情非得已 发表于 2016-10-18 04:45:06
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Why Apple isn't so hot on building a car anymore
Project Titan, the not-so-secret name of Apple's not-so-secret initiative to build a car (probably), is reportedly bleeding staff and shifting focus.
Hundreds have left the team in recent months, according to an article published on Bloomberg.com Monday. The report also claims Apple may pivot from constructing an actual car and instead develop self-driving software. Such a move would allow the company to shop a new kind of operating system to existing car manufacturers. That actually makes a lot more sense than the iPhone maker constructing a sedan.
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Self-driving cars are an alluring prospect for the world's largest tech companies. Google has been developing one for years, and Uber deployed aself-driving fleet in Pittsburgh last month (with some glitches ). There's an obvious appeal to cars that can drive themselves, theoretically making our streets safer and freeing people up to do whatever they want during commutes.
Apple has no vested interest in you getting from point A to point B more efficiently.
But look past the razzle-dazzle of a vehicle that can make its own three-point turn without pancaking anyone. A company like Apple has no vested interest in you getting from point A to point B more efficiently. It cares more about what happens along the way.
"When you control cars, you might also be able to collect... data about people who are in the streets," Raja Chatila, a robotics expert and former president of the IEEE Robotics and Automation Society , told Mashable in an interview about autonomous cars on Monday.
"You have mobile cameras going on there — it's like CCTV in cities, but it's on the car," he added. "It's another way to observe people and to know about their habits."
In other words, self-driving cars will collect a lot of data about their surroundings, and that data will be fed to whatever tech giant powers the vehicles to begin with. Sure, Apple could theoretically revolutionize the auto industry with a self-driving electric car that rivals Tesla's — so easy! — but it could also make really kick-ass autonomous car software that gets the data it wants anyway.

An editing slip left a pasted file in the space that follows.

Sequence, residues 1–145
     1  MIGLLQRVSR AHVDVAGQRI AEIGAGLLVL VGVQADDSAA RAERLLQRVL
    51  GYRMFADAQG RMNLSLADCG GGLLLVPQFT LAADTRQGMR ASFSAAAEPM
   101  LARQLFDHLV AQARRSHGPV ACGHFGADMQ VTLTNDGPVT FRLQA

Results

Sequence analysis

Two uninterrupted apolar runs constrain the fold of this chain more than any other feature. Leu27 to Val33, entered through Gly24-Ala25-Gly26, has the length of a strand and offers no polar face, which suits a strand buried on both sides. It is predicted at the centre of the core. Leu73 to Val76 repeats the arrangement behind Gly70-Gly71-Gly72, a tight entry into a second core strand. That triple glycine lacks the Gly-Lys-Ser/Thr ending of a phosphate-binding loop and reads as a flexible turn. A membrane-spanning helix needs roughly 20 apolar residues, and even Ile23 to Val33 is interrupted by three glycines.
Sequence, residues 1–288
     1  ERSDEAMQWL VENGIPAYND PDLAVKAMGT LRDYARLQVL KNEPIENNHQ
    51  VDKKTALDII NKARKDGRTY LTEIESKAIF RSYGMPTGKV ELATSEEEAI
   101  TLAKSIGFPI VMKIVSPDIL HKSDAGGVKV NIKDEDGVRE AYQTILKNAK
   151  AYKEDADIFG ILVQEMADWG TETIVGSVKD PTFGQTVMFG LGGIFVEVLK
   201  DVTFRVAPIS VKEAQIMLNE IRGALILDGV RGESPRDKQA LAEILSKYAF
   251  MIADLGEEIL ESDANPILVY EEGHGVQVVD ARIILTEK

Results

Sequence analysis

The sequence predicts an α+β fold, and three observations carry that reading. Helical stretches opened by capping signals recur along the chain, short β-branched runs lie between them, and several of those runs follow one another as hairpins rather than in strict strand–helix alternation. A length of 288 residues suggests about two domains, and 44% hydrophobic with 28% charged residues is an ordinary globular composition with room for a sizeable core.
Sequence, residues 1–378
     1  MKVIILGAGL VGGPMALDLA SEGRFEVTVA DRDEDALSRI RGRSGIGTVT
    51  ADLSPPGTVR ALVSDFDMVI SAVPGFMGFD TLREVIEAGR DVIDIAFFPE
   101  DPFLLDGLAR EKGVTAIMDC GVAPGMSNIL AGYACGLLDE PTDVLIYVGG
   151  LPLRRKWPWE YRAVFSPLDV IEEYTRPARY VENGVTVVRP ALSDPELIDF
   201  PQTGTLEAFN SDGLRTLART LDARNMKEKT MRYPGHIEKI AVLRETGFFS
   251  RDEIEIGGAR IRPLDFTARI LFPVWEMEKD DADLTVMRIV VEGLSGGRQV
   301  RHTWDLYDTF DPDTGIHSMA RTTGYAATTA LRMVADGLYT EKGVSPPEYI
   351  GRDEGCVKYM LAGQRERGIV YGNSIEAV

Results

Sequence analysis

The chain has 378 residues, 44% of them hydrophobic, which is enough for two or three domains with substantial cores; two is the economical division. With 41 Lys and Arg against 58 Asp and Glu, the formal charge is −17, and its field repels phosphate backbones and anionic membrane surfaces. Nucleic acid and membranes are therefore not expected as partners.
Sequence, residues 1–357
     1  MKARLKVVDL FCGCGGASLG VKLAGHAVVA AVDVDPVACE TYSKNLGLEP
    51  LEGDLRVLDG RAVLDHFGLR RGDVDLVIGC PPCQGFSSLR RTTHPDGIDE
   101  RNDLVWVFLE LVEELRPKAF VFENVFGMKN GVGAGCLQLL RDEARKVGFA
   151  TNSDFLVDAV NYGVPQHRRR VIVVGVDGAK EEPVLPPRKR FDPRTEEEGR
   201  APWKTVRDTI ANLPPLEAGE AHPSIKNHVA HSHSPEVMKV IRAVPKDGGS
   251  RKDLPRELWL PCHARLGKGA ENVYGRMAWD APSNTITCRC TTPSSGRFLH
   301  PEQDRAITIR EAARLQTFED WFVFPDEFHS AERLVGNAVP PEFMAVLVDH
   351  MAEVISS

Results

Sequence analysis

News flash: You're already being watched
To live in 2016 means ceding some privacy. Companies like Google and Facebook are adept at targeting online advertising based on user behavior. And there are billboards now that can communicate with your mobile phone to understand who you are and where you're going.
Autonomous cars may represent an extension of that idea. They'll be able to take in a lot of data via their sensors and cameras , and you'll probably tell them a lot about your day: an autonomous car will have to know where your home is, where you like to stop for coffee, which school your kid needs to be dropped off at, et cetera.
While the concerns aren't new, they're closer to becoming reality. Google is days away from releasing Google Home — an internet-connected device powered by Google Assistant that sits in your home and fields your questions — and Apple is supposedly developing asimilar product powered by Siri.
Tech companies are interested in developing platforms for people to live on, not just one-off devices.
All this is to say: The most powerful tech companies are interested in developing platforms for people to live on, not just one-off devices. It's not much of a stretch to consider that, in the near future, you'll communicate with your phone, computer, wristwatch and car using Siri — with data generated and processed every step of the way.
It is perhaps for that very reason that Apple introduced "differential privacy" in iOS 10. The company needs to collect a lot of information to make its AI work for users, but Apple says it's not targeting individuals. Instead, the company aggregates a lot of information and uses it to understand groups of people.
It's "the statistical science of trying to learn as much as possible about a group while learning as little as possible about any individual in it," as Wired put it earlier this year.
So, while Apple might be killing its car, it's almost certainly interested in building software that can power cars. To do so will keep it at parity with rivals like Google and allow it to understand customers — and their surroundings — even better.
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